Appeal fro the United States District Court for the Southern District of Florida. D.C. Docket No. 0:10-cv-61555-CMA.
For National Maritime Services, Inc., Plaintiff - Appellee: Eyal Berger, Catherine E. Douglas, Akerman, LLP, Miami, FL; Patrick E. Novak, Horr Novak & Skipp, PA, Miami, FL.
For Glenn F. Straub, Burrell Shipping Company, LLC, Defendants - Appellants: Larry A. Zink, Zink Zink & Zink Co, LPA, Canton, OH; Craig Thomas Gallee, The Galle Law Group, PA, West Palm Beach, FL.
Before WILLIAM PRYOR and JORDAN, Circuit Judges, and WALTER,[*] District Judge. JORDAN, Circuit Judge, concurring.
WILLIAM PRYOR, Circuit Judge.
This appeal requires us to decide whether the district court had ancillary jurisdiction over a supplementary proceeding to avoid a fraudulent transfer by a judgment debtor. National Maritime Services, Inc., sued Burrell Shipping Company, LLC, for amounts owed for management and custodial
services provided for a vessel. After National Maritime obtained a judgment in its favor, it discovered that Burrell Shipping had transferred all of its assets to its owner, Glenn F. Straub. National Maritime then initiated a supplementary proceeding, Fed.R.Civ.P. 69; Fla. Stat. § 56.29(6), to void the transfer, and the district court later entered a judgment against Straub. Because the district court had ancillary jurisdiction over this supplementary proceeding and the record supports the finding of a fraudulent transfer, we affirm.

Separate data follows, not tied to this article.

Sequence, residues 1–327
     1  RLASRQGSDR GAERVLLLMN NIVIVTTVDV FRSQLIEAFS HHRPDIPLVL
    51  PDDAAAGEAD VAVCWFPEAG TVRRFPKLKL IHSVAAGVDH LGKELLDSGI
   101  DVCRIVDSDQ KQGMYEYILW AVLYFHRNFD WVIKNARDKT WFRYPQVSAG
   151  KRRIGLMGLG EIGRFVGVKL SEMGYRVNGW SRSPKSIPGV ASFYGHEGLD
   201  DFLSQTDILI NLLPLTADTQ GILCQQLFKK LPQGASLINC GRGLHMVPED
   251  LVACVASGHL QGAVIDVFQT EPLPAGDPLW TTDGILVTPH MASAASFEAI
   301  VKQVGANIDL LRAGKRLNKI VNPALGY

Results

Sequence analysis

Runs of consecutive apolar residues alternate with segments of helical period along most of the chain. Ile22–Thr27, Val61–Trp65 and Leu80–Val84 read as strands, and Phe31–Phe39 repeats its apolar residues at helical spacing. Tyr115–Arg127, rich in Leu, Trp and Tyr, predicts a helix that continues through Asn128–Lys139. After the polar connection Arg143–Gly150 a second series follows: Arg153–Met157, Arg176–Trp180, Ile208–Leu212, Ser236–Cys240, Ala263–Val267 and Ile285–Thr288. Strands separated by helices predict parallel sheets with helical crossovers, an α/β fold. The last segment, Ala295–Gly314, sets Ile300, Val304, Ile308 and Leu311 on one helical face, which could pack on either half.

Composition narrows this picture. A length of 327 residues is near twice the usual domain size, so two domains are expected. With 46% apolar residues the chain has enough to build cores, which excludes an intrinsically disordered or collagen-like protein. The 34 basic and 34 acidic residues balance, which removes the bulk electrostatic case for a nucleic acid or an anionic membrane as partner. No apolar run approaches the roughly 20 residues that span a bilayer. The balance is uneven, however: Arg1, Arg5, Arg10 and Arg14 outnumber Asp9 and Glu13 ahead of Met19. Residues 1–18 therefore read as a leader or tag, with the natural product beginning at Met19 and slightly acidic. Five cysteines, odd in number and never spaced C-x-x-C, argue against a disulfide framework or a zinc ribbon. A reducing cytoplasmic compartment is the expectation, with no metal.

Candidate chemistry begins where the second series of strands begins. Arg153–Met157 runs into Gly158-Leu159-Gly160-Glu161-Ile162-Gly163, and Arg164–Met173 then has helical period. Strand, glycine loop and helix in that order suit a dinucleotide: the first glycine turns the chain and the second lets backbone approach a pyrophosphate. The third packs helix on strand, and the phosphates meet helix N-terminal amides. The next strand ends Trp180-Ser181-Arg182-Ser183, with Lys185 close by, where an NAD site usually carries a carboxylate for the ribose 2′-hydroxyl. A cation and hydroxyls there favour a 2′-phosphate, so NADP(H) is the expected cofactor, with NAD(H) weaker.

National Maritime filed a complaint in the district court against Burrell Shipping and Straub for breach of contract and unjust enrichment. The claims arose from management and custodial services that National Maritime had provided for the M/V/ Island Adventure, a vessel owned by Burrell Shipping. The district court had subject matter jurisdiction based on the maritime nature of the controversy, 28 U.S.C. § 1333. While that action was pending, Burrell Shipping sold the vessel, its only asset, to a boat scrapper for $2,249,000. Burrell Shipping then transferred the proceeds of the sale to Straub.
Straub is the sole owner of Burrell Shipping and its president, chief operating officer, and managing member. Straub is also the director and president of Burrell Industries, Inc. To facilitate the purchase of the vessel, Straub loaned Burrell Industries $3.2 million in exchange for a promissory note. Burrell Industries in turn loaned Burrell Shipping $3.2 million by a promissory note. Burrell Shipping then granted Burrell Industrials a mortgage for the vessel to secure the promissory note and purchased the vessel from the United States Marshals Service.
After a bench trial in June 2011, the district court entered a final judgment in favor of National Maritime and against Burrell Shipping in the amount of $99,660.05, plus interest. But the district court ruled that Straub was not individually liable to National Maritime. National Maritime attempted to execute on its judgment, but was unsuccessful because Burrell Shipping had no assets.
National Maritime then initiated a supplementary proceeding against Straub in " accord[ance] with the procedure of the state where the court is located." Fed.R.Civ.P. 69(a). Based on a Florida law that permits a trial court to void a transfer of property that " has been made . . . by the judgment debtor to delay, hinder, or defraud creditors," Fla. Stat. § 56.29(6)(b), National Maritime asked ...